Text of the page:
The McClung Museum of Natural History and Culture at the University of Tennessee, Knoxville, has been awarded a grant of $145,000 from the Terra Foundation for American Art in support of the upcoming exhibition “A Sense of Indigenous Place: Native American Voices and the Mound at University of Tennessee.” Opening in early 2025, the exhibition is part of an effort to change perceptions and educate audiences about the Mound on the UT campus by centering Native perspectives and interpretations.
Featuring contemporary works by Native artists, “A Sense of Indigenous Place” will explore Native American mounds, placemaking and the continuity of mounds as sacred spaces. The two-year exhibition will ask challenging questions about who owns these spaces and discuss how mounds continue to shape Native culture and art.
“This new exhibition is a testament to the critical role that the McClung Museum plays in connecting the university to the community,” said Provost and Senior Vice Chancellor John Zomchick. “It is evidence of UT’s continuing commitment to honoring the Native nations connected to this land.”
Four Native nations with historic ties to Knox County have agreed to collaborate as co-curators of the exhibition: the Eastern Band of Cherokee Indians, the Cherokee Nation, the Coushatta Tribe of Louisiana, and the Muscogee Nation of Oklahoma. The exhibition is co-curated by Lisa King, associate professor of English, and Cat Shteynberg, the museum’s assistant director and curator of exhibitions.
“This project is at the heart of our new mission development at the museum,” said Shteynberg, who is the lead principal investigator of the grant. “The most important outcome is the strengthening of relationships and trust between the museum and Native nation communities. This co-curation and collaboration with our Native nation partners will guide us in new and exciting directions.”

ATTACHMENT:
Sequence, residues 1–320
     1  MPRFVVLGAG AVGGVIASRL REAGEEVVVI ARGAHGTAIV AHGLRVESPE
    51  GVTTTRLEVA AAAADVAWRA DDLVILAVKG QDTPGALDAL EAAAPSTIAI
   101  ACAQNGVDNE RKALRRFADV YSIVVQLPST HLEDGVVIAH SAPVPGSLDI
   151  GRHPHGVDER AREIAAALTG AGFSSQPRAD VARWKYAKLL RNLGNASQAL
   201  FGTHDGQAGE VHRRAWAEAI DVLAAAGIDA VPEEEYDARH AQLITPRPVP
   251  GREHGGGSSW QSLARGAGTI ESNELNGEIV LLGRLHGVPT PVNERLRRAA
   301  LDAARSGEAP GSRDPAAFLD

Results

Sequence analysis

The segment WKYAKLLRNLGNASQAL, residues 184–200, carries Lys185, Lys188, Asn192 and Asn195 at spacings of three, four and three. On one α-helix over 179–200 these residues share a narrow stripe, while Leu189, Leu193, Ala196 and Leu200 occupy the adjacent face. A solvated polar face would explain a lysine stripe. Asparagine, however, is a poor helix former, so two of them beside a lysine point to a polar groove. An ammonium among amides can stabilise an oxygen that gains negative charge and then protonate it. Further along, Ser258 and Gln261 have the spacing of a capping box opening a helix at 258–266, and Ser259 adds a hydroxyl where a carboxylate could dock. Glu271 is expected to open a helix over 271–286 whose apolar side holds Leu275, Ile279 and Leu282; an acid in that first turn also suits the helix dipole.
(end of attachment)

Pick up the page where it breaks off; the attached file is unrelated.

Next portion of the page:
The McClung Museum also received a $300,000 grant in support of the exhibition from the Henry Luce Foundation in early 2022. Funding from both foundations reflects a recognized need for broader stories of American art.
“The funding that we have received for “A Sense of Indigenous Place” is transformative,” said McClung Museum Jefferson Chapman Executive Director and co-principal investigator Claudio Gómez. “It will help us create an engaging experience that not only showcases extraordinary Native artists but also emphasizes the vital role that candid conversations and shared decision-making play in making an exhibition like this possible.”
The Terra Foundation for American Art, which was established in 1978 and has offices in Chicago and Paris, supports organizations and individuals locally and globally with the aim of fostering intercultural dialogues and encouraging transformative practices that expand narratives of American art through its grant program, collection and initiatives. Funding from the foundation will support the exhibition fabrication and design. The larger project includes a related website, educational outreach and programming, and coordinating traditional care of the Mound.
Related educational programming will include a robust lecture series, university and K-12 coursework development and tours, adult programming, community and family days, and a K-12 workshop helping teachers better integrate Native voices into their curriculum and state standards.
About the McClung Museum
The McClung Museum of Natural History and Culture is at 1327 Circle Park Drive. Museum admission is free, and hours are 9 a.m. to 5 p.m. Tuesday through Saturday and noon to 4 p.m. on Sundays. Visitors can register at tiny.utk.edu/visitmcclung and review visitor guidelines, parking information and the check-in process.
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